Unlocking Behavioral Therapy: A Comprehensive Guide to ABA Therapy

ABA Therapy

What is ABA Therapy?

Being aware of the best modalities as a therapist is essential to your practice. Applied Behavior Analysis, more commonly known as ABA therapy, is a testament is one of the ‘gold standard’ treatments for addressing behavioral concerns, especially in clients with autism and other developmental disorders. 

ABA can help you change lives, by enhancing client independence and giving people the skills to foster social relationships. This article helps you gain a comprehensive understanding of ABA, explore its application and techniques, and describes how to apply it to your practice.

We’ll also explain how Quenza, a software platform designed specifically for coaches and therapists, can help you make your practice more inclusive!

Principles of ABA Therapy

At the core of ABC therapy lies the principle that behavior is influenced by our environment and can be changed by altering environmental factors. There are two main goals of ABA: one is to teach skills, and the second is to decrease behaviors that are harmful or negatively affect learning.

ABA therapy uses our knowledge of how behavior works in real situations. You look at the ABCs to bring about a change. This allows you as a therapist to devise strategies accordingly. 

Antecedents (A) : You assess what happens before a behavior

Behavior (B) : You identify actions which can be timed, counted, or reinforced. 

Consequences (C): You assess for what happens after the behavior occurs

The good thing is that you don’t have to do this on your own and can use software like Quenza, which comes with dozens of ready-made tools. Check out these snippets from our Activity, The ABC Model of Helpful Behavior:

How does ABA Therapy Work in Practice?

What does ABA therapy do for autism? Each child and therapist take a journey, which begins with a detailed assessment. This captures the individual’s strengths, challenges, and environmental factors. For a child with autism, emphasis might be on increasing social interactions, enhancing communication, or reducing self-stimulatory behaviors. 

When integrated holistically and paired with the right therapist, research shows that children undergoing intensive ABA therapy can make significant gains in IQ, language, academic performance, and adaptive behavior [1].

ABA Therapy Example

Imagine a situation where a child screams every time they’re handed a toy they don’t like. Using ABA, you identify this as an interfering behavior and introduce an intervention. The child is taught to exchange the unwanted toy for a preferred one, reducing the screaming. You empower the child to communicate and get their needs met, without resorting to interfering behavior.

Components of an ABA Therapy Program

Every ABA program is a structured and tailored treatment plan that is custom-made, taking into consideration the person’s existing skills, preferences, and needs. With Quenza, you can achieve this in under 20 minutes, using a range of templates and predefined codes for in-depth blueprints.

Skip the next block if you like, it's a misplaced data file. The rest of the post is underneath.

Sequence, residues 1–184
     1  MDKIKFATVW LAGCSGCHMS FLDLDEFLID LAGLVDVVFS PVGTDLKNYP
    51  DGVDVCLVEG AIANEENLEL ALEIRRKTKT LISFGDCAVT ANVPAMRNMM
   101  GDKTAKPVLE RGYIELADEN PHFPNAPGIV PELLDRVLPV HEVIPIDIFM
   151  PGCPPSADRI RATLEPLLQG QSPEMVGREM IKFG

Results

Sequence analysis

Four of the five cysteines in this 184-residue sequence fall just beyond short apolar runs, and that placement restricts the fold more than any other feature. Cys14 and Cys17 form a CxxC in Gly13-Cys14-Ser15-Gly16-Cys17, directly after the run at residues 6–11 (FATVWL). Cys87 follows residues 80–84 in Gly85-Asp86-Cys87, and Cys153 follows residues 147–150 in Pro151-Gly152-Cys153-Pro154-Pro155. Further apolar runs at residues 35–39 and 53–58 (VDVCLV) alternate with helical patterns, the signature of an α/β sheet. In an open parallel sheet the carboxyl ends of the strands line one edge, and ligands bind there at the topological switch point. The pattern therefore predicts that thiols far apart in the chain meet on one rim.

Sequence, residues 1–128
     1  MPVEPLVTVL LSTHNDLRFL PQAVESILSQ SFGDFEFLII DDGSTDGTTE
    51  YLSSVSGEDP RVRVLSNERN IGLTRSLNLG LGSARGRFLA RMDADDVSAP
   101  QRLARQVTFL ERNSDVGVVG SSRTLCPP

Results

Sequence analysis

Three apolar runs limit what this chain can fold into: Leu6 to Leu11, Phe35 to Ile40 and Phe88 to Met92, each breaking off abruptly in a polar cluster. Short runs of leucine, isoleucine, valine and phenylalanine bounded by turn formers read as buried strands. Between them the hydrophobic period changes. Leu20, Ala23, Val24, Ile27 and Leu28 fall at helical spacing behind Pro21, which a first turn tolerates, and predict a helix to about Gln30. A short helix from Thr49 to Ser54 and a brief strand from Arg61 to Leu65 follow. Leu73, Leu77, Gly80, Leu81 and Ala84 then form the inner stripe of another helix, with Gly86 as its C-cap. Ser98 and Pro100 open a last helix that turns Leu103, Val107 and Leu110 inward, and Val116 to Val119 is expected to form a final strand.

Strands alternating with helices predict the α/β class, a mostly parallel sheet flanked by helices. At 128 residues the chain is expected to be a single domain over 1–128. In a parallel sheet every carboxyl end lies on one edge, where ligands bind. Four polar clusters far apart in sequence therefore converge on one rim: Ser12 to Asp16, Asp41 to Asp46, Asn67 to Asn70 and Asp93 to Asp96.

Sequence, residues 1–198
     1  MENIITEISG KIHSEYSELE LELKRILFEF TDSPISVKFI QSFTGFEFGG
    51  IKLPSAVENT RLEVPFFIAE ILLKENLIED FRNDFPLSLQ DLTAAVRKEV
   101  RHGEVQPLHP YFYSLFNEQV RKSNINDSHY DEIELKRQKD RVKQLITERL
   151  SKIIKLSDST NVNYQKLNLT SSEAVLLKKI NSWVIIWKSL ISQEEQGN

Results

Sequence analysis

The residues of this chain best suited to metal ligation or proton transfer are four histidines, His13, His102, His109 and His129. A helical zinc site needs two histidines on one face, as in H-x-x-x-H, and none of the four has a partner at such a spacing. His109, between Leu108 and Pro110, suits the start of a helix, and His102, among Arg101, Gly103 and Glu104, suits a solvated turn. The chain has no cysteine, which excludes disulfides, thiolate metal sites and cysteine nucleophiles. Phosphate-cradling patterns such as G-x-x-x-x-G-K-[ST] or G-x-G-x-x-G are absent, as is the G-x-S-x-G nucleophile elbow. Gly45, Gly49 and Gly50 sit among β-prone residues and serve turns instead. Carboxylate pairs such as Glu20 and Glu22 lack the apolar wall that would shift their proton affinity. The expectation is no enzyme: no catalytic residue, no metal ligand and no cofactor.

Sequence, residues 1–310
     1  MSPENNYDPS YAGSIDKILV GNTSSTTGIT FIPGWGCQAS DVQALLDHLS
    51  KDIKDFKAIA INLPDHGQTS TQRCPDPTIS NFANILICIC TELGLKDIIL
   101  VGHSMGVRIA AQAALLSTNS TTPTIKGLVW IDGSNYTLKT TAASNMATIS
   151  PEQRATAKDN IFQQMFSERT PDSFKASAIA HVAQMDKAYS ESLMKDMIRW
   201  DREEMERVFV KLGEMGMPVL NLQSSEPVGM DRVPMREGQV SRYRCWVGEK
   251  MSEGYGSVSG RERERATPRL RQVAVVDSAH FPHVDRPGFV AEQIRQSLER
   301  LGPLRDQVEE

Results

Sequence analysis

Example ABA therapy program:

  • Assessment: Identifying the interfering behavior.
  • Goal Setting: Determining short-term and long-term goals for skill building.
  • Intervention: Implementing techniques and tools based on individual needs.
  • Monitoring: Regularly assessing change and making adjustments to the plan.

ABA Therapy Techniques 

Tools for therapists are essential to work with clients. The ABA therapy program is vast and encompasses various techniques that are based on behavioral principles. Let’s take a closer look:

  • Discrete Trial Training (DTT): A structured method where complex skills are broken down into simpler ones.
  • Pivotal Response Training (PRT): This method creates a natural environment for the learner, and positively reinforces the desired behaviors.
  • Incidental Teaching: Utilizes spontaneous interactions and opportunities to teach skills.

How effective is ABA therapy for autism? 

ABA therapy, when delivered empathetically, can be life-altering. However, it’s essential to ensure the therapy respects and understands the individual’s unique world. 

When it comes to behavior therapy, what works for one learner, works for one learner. In other words, the same intervention or approach doesn’t work for everyone. 

Like any therapeutic approach, ABA has its pros and cons[2].

ABA Without Autism Diagnosis

You may be wondering, who is ABA therapy for? It is important to note that ABA therapy is a versatile approach and can be used with concerns across the behavioral spectrum. ABA techniques have been employed to address issues like ADHD, anxiety, and even behavioral challenges in developing children[3].

Other common diagnoses that ABA can work with are, Intellectual Disability, Down Syndrome, and Developmental delays[4].

The Broad Application of ABA Therapy

Beyond individual therapy, ABA principles can be applied in diverse settings. In school, an ABA therapist uses techniques to promote a positive learning environment, teaching academic and adaptive skills, and managing classroom behavior.